Patreon button  Steam curated reviews  Facebook button  Twitter button 
3DS | AND | IOS | PC | PS4 | NS | VITA | WIIU | XB1 | All

NieR: Automata (PlayStation 4) artwork

NieR: Automata (PlayStation 4) review


"Please buy this one."


In 2010, I obtained a game called NieR from my local GameStopís bargain bin. I thought itíd be a fun little jaunt to pass the summer with. Instead, what I found can only describe as life changing. Itís rare to have an experience that dramatically shifts what you expect from a medium, but Yoko Taroís cult hit did just that. Despite low sales, he was amazingly allowed to make a sequel in NieR: Automata, but can it really surpass the original?

NieR: Automata, set thousands of years after its predecessor, tells the story of androids 2B and 9S. These androids, working on behalf of the YoRHa organization, are tasked with taking back Earth from Alien-born machines that have driven humanity to the moon. As one can expect from a Yoko Taro joint, not everything it as it seems, and the narrative takes some shocking twists and turns over the course of its five endings.

NieR: Automata (PlayStation 4) image


Itís natural to be hesitant to play a sequel without having played the original. But although Automata references the events of the original NieR in many ways, no preexisting knowledge is necessary. Automata stands on its own, and familiarity with the original will only enhance a portion of the experience. The most incredible parts of Automataís narrative are wholly its own, and must be experienced.

Besides its central story, NieR: Automata is chock full of side quests that never feel like fluff. Every one of them has a tiny yet fully fleshed out story that runs the gamut from funny to incredibly tragic. For example, one multi-tiered quest has you fetching parts for a robot so it can literally build itself up to be a black belt in karate. I found myself compelled to try to complete every quest I came across, just to see what the game would throw at me next.

NieR was known for constantly shifting genres, as it would be an action game one moment and then suddenly become a shmup or a survival horror game. Automata retains this particular aspect of the original, but gives each play style more time to really shine. For the action combat, the experts at Platinum Games have crafted combat reminiscent of Bayonetta, with two weapons and the slow-mo dodge the latter pioneered. Itís not as technical as Bayonetta, but itís incredibly responsive and easily the most fun Iíve had playing a Yoko Taro game. As in the first game, 2B has access to a side arm of sorts that acts as a ranged attack with special functions you can customize to add a little extra firepower to her arsenal.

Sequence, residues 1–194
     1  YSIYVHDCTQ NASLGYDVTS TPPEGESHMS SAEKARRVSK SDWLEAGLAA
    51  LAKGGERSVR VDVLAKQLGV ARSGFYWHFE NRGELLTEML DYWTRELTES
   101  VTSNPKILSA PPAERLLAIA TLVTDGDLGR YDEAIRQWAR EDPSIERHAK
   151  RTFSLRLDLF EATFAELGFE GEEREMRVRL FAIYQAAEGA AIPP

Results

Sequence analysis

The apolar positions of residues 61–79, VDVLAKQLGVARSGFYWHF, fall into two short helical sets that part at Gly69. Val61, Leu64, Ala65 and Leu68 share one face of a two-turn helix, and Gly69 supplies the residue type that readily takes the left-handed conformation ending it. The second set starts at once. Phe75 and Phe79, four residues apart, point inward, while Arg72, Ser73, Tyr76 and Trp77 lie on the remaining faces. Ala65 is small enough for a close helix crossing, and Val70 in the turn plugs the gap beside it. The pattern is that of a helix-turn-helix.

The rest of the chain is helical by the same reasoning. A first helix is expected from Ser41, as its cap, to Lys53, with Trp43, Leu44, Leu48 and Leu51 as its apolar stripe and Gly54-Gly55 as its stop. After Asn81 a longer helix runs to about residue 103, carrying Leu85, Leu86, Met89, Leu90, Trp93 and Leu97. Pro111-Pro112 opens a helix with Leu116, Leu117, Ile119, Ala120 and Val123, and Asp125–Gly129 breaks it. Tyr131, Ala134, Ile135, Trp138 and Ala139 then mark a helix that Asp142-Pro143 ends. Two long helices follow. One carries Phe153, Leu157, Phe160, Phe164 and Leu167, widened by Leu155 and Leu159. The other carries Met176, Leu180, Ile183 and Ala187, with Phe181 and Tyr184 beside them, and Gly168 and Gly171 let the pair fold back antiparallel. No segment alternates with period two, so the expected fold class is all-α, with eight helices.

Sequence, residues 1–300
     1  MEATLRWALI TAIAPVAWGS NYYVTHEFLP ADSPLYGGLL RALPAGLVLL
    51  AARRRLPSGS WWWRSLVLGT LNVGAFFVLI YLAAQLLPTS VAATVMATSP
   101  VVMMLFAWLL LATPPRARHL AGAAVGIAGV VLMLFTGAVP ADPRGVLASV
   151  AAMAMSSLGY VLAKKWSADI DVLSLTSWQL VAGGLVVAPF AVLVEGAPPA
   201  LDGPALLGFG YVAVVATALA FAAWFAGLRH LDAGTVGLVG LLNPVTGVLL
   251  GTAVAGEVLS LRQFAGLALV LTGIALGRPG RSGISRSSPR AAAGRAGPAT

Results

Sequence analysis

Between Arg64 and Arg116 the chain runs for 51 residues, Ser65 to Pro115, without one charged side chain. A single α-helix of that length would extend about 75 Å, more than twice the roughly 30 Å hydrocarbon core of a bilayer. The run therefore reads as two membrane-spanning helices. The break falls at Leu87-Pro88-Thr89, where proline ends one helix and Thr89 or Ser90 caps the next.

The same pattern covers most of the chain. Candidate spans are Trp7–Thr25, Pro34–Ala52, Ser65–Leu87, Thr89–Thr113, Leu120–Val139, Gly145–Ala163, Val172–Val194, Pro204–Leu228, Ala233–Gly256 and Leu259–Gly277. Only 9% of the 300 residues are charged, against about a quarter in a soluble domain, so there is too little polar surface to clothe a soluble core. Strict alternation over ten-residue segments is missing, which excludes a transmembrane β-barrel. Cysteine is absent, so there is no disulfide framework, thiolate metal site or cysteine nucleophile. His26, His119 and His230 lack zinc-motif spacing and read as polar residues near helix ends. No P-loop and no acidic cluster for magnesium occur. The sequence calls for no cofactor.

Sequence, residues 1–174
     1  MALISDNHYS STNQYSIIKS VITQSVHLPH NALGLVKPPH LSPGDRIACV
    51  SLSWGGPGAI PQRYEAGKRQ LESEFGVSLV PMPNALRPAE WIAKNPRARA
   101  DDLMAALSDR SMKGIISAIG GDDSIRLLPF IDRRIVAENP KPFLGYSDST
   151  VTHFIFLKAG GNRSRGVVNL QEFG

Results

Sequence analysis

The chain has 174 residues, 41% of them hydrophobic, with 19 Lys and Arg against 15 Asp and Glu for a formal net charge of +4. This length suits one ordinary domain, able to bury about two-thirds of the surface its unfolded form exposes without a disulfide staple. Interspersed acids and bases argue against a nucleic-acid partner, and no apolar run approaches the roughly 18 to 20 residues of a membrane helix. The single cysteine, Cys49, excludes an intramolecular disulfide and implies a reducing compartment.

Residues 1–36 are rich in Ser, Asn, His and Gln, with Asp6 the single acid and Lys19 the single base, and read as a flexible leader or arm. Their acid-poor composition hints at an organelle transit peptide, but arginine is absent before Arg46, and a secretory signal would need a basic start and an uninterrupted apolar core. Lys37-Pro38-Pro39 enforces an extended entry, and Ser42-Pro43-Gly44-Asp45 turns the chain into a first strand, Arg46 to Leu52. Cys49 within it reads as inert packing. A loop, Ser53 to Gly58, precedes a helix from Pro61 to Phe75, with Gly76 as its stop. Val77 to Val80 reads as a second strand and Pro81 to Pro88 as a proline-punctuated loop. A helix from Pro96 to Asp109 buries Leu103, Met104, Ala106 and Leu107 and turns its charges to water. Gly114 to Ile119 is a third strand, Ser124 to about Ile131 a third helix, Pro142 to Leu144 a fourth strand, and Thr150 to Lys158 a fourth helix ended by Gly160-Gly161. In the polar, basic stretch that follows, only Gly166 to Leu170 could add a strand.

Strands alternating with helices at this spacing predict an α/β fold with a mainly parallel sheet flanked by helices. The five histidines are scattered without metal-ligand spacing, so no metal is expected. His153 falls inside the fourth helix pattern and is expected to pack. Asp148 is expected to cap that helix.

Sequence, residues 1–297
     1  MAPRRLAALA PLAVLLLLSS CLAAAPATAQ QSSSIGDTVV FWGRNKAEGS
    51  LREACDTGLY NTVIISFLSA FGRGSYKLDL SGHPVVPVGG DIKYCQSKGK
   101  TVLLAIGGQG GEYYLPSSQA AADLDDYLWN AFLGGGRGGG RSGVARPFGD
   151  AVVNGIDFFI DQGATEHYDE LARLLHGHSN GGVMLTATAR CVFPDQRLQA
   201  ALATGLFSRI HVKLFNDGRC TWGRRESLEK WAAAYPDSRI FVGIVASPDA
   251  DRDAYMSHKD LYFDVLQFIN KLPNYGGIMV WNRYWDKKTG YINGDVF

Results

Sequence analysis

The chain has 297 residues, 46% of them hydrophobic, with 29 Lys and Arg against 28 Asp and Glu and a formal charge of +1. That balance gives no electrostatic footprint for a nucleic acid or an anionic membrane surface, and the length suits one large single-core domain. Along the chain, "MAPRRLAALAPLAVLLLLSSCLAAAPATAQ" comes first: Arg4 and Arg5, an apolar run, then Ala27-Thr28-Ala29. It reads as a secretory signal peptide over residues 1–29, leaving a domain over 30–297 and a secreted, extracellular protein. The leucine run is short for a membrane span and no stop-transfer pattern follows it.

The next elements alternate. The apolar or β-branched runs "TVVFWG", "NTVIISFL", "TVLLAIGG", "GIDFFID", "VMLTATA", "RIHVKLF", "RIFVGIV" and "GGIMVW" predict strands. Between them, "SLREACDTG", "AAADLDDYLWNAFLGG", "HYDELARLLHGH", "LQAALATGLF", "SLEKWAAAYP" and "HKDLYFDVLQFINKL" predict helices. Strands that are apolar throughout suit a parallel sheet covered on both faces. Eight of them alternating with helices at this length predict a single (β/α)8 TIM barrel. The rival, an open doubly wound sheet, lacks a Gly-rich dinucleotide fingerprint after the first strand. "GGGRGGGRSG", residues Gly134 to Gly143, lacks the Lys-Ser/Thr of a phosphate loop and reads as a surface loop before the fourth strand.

NieR: Automata (PlayStation 4) image


Another major aspect of Automataís gameplay sees it doubling down on the shmup. Such sections were relegated to just a few areas in the original. Here, numerous sections see 2B jumping into a flight unit that transforms the game into a fully featured shmup. It would seem that Platinum is incredibly proficient in this play style, as well, since these sections are not only fun, but expertly designed in their bullet patterns. Itís kind of mind-blowing to think that one of the best shmups in years is contained within an action RPG, but here we are.

Automata does play around with some of the more esoteric genres seen in the original like the text adventure, but it also adds entirely new elements of its own. In subsequent playthroughs, the game introduces an entirely new way to play the game that seamlessly flows with the third-person action system already in place. I donít want to spoil it, but it serves to make every encounter even more exciting.